The Toyota RAV4 comes in different trims depending on client preferences. So, if you plan to get a budget-friendly option or a vehicle for your outdoor activities, this car model offers you plenty of choices.
While you are here trying to avoid buying a bad RAV4 Year, you should also check out our article about the Best Years for The RAV4 when you get done browsing this article.
What Year RAV4 To Avoid?
Most RAV4 models can reach between 200,000 to 250,000 miles, but the least reliable years are 2006-2008, 2013, and 2019. Models between 2006-2008 encounter engine and steering issues. The 2019 RAV4 is notorious for transmission problems. The highest quality Toyota RAV4 models are between 2016-2018.
If you want to purchase a RAV 4 vehicle, you should avoid the car models below 2016. Toyota RAV 4 models, particularly those models released between 2006 and 2008, have excessive oil consumption and steering and engine problems.
So, if you’re looking to purchase RAV 4 vehicle, you need to know that every year since the start of its production has its issues except for the newer models. Here’s a breakdown of the different RAV 4 generations and issues to watch out for.
RAV4 SUV Years to Avoid By Generation
Over the years, there have been significant improvements in RAV 4. Different advanced features have caused the latest generation of vehicles to have fewer issues than the predecessor.
Here’s a breakdown of different RAV 4 generations and whether or not you should avoid them.
5th Generation RAV4s
The 5th generation RAV 4 Models are the vehicles released between 2019 model year and the present. You would expect to have this vehicle model on your “avoid” list because it’s fairly modern. However, it comes with plenty of issues you should know about.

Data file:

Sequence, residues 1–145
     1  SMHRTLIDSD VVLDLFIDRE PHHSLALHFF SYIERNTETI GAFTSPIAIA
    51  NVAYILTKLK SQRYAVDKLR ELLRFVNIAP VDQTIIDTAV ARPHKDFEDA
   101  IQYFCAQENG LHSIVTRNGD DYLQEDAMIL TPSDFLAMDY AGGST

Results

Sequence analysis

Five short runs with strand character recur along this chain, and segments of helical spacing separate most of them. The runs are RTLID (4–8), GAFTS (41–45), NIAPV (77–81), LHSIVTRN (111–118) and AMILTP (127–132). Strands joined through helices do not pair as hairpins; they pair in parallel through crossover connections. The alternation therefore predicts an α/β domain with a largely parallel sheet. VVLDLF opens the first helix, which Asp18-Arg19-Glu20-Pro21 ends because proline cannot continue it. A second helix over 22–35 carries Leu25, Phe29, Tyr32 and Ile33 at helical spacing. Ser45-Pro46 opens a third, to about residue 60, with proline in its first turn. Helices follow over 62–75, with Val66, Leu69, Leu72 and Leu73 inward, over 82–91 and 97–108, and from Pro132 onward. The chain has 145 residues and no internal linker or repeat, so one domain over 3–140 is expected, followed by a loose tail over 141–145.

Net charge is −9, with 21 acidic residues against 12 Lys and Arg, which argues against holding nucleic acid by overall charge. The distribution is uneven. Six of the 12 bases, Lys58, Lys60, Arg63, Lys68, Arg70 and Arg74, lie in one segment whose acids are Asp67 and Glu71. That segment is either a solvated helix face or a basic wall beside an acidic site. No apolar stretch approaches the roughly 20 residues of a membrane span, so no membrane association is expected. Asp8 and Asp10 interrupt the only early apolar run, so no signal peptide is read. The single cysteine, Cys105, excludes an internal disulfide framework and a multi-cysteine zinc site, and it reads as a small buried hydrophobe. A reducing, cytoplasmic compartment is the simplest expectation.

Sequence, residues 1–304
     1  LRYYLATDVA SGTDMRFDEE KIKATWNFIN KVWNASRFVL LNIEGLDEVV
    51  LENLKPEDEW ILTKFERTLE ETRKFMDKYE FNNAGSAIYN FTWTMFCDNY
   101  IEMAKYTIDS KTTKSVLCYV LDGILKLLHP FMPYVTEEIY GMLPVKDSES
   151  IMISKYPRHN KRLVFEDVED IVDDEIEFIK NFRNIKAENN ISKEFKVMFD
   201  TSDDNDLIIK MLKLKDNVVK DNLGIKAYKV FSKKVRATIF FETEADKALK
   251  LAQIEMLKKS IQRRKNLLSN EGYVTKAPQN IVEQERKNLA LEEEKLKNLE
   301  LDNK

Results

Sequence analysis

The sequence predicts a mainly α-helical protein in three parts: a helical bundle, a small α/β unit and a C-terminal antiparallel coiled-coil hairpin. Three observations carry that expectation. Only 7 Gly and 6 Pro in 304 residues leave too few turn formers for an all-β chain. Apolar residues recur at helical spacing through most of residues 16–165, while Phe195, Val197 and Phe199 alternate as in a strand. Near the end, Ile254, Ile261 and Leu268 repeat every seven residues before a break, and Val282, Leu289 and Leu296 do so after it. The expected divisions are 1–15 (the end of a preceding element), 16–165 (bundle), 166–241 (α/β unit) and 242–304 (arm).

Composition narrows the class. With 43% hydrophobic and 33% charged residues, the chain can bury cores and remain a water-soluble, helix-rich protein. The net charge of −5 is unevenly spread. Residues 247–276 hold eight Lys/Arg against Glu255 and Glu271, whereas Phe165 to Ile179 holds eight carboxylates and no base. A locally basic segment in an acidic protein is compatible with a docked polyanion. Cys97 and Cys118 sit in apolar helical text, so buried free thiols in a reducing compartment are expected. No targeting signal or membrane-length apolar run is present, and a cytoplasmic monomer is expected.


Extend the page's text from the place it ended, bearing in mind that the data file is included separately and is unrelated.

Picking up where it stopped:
Most people who own the 2019 RAV 4 models admit that they’ve experienced issues like loud acceleration, slow speeds, and gear slippage. Some vehicle owners even state that the tank doesn’t read fuel consumption when the tank is three-quarters full.
4th Generation RAV4
The production of this RAV 4 model lasted between 2013 to 2018. During this time, there were a lot of changes to the RAV 4. One of the most notable is the inclusion of the liftgate. They also replaced the 3.5l V6 with the 2.5l L4 mated automatic transmission.
Compared to the first and second-generation models, this RAV 4 is considerably smaller. This model’s standard equipment includes a reclining second-row seat, telescoping steering wheel, and power-folding mirrors.
Under the 4th generation RAV 4 models, you should avoid the 2013 option. While the reliability of the RAV 4 was rated at five, it’s the year that had over 140 complaints, with the most notable being that of safety concerns.
Some people even admit that their vehicle can suddenly speed up and won’t stop even after braking. The 2016 and 2017 models received top ratings for their safety. It’s important to note that 2016 to 2018 are the best for this generation because they received a major facelift.
3rd Generation RAV4
This generation of RAV 4 experienced many issues that you should address quickly. Since Toyota began to develop the RAV 4 models, 2008 RAV 4 was considered the worst year model. The car models from 2006 to 2008 experienced many issues like steering and exhaust problems. There were also cases of transmissions and engine issues.
Besides the issues this model was experiencing, there were plenty of additions from the previous generations. For example, it was the first car constructed on elements it shared with the corolla. Some of the key features in this generation include an electronic power steering and a 269 hp V6 engine.